Select nursing students, including Presidential Scholars and leaders of student organizations, were invited to the meeting, and some, including senior Jen Lanzo and junior Eileen Condon, agreed that the new labs were the most exciting feature of the new building, citing various specialty labs, like an Intensive Care Unit.

The second level of the building, the main entrance, will feature the College of Nursing’s administrative offices and Center for Nursing Research in one wing and in the other, a 200-seat lecture hall and a similarly sized auditorium. In addition, study rooms for undergraduate and graduate students will be provided.

A large glass-enclosed staircase in the rear of the building will bring students to the lower level to attend labs or up to the third floor, where a common area and Holy Grounds will allow students to relax and snack. Two 60-seat atriums, classrooms, seminar rooms and study areas for both graduate and undergraduate students will largely comprise this floor, according to the presentation.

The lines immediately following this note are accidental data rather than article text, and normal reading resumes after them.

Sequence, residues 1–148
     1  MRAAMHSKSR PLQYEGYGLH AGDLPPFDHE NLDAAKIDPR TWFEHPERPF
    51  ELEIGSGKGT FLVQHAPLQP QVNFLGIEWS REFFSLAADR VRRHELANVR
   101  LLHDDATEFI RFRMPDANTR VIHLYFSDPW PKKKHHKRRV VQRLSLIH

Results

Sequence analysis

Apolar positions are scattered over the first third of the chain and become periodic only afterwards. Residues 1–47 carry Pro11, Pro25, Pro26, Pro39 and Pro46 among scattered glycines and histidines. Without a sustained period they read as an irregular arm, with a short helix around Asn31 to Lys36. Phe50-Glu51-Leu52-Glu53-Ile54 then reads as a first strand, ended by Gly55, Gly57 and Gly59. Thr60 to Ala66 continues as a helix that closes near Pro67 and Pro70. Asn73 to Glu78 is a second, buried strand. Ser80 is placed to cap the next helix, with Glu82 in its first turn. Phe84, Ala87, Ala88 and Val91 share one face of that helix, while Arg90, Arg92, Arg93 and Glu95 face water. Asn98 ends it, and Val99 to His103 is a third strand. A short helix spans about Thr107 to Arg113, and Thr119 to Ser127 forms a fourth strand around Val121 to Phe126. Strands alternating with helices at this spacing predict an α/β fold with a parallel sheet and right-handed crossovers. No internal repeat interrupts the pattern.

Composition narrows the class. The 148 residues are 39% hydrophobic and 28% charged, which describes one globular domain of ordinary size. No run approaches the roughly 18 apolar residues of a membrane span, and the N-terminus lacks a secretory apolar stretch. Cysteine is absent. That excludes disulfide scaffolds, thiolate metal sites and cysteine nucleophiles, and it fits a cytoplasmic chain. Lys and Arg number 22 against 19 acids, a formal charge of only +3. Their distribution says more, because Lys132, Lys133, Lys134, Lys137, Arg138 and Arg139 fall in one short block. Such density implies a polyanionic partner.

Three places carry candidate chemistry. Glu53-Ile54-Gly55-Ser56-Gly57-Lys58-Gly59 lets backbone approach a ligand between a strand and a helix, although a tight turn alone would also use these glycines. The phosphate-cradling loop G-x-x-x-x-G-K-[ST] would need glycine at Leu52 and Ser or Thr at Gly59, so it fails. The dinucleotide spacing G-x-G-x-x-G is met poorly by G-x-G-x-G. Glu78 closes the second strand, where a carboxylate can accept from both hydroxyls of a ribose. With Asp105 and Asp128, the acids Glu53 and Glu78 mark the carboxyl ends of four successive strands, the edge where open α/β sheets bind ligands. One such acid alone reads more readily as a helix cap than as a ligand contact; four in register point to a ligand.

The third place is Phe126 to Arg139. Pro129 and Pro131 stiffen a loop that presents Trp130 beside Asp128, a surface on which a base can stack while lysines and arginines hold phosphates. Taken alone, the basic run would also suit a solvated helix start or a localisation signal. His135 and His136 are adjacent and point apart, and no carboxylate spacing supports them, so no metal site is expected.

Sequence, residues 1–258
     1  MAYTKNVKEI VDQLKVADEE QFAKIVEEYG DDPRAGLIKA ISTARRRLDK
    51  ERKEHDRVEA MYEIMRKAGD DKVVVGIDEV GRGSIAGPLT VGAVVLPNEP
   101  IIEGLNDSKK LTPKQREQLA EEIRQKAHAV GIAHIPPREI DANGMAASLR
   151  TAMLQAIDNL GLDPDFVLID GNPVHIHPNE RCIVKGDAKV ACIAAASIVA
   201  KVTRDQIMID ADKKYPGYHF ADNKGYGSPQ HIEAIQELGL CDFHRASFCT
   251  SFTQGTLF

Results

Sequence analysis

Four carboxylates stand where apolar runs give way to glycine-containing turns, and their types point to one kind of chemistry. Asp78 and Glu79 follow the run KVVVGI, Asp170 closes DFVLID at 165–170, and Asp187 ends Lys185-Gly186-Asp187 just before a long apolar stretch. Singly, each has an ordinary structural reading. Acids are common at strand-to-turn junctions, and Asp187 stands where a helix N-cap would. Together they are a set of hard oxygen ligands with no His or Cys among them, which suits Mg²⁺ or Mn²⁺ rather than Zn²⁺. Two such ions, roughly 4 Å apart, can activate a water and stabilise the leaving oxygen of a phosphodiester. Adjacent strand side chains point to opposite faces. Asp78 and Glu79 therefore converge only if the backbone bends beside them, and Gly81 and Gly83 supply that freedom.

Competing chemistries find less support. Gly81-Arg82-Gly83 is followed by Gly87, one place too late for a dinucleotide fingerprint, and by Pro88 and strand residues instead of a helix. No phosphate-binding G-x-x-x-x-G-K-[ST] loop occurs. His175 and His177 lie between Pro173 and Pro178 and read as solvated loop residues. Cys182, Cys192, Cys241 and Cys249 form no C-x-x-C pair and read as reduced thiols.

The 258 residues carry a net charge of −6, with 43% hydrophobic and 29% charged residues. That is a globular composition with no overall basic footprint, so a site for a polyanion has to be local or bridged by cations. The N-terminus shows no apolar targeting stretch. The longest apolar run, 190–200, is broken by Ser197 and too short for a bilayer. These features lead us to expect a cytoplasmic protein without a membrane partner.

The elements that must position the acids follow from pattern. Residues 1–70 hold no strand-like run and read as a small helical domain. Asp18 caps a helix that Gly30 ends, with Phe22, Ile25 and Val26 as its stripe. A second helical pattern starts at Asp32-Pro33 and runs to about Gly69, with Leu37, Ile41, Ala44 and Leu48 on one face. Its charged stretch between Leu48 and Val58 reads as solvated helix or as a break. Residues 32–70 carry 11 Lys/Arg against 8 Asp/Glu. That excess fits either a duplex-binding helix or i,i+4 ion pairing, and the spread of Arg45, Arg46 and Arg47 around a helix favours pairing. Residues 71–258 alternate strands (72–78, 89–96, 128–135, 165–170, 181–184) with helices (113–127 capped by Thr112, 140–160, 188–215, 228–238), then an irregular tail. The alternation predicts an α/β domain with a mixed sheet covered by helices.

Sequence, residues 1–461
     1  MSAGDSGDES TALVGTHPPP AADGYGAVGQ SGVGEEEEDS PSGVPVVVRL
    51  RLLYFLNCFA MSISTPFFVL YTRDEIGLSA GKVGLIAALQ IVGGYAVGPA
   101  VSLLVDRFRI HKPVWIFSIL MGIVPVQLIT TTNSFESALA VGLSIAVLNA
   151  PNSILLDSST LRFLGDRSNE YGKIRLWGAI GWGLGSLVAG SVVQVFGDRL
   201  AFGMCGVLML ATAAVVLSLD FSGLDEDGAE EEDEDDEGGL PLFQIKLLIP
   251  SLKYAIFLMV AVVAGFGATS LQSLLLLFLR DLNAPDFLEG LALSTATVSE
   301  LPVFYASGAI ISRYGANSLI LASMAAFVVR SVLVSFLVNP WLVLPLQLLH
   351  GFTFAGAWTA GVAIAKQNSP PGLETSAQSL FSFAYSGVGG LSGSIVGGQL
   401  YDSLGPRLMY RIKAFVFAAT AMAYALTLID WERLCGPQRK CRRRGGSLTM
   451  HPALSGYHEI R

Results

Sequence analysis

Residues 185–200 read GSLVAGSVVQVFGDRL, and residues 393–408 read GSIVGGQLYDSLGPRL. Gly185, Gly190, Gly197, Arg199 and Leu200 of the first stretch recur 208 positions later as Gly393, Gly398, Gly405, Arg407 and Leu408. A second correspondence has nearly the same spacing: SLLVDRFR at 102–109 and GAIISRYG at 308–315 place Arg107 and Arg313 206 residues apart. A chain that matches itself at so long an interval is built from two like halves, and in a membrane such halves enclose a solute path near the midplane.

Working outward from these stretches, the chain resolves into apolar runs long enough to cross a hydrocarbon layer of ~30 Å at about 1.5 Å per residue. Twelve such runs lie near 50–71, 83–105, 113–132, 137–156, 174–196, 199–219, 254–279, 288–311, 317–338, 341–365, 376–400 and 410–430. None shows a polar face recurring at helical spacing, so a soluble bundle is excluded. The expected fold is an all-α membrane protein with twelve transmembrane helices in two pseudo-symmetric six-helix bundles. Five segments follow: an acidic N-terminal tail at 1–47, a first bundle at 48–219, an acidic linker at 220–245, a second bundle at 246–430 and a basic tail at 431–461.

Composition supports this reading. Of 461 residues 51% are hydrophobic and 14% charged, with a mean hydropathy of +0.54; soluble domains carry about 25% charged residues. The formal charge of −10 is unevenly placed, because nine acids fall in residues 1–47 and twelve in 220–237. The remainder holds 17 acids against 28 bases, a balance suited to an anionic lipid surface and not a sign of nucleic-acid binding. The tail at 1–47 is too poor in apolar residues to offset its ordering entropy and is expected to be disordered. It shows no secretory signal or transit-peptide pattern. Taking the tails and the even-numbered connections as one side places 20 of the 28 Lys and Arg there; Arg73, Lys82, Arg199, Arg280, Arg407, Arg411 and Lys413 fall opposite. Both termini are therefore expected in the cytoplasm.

The faculty offices and a faculty and staff lounge will be on the top floor which is not connected by the main staircase in order to give the faculty and staff a sense of privacy, according to the presentation.

An elevator and two additional staircases will reach this floor. Space in the building will also be allocated for nursing student organization activities.

Aside from the spatial restrictions that St. Mary’s places on the College of Nursing, members are excited to be located on Main Campus.

“We go to CEER or Bartley to study, but no one ever comes to St. Mary’s,” Lanzo said. “We’re so isolated.”

Fitzpatrick and University President Rev. Peter Donohue, O.S.A., addressed the crowd after the presentation, both stressing this new building as beneficial to the entire campus.

“Nursing is joining the main campus and opening its doors to students from other colleges,” Donohue said.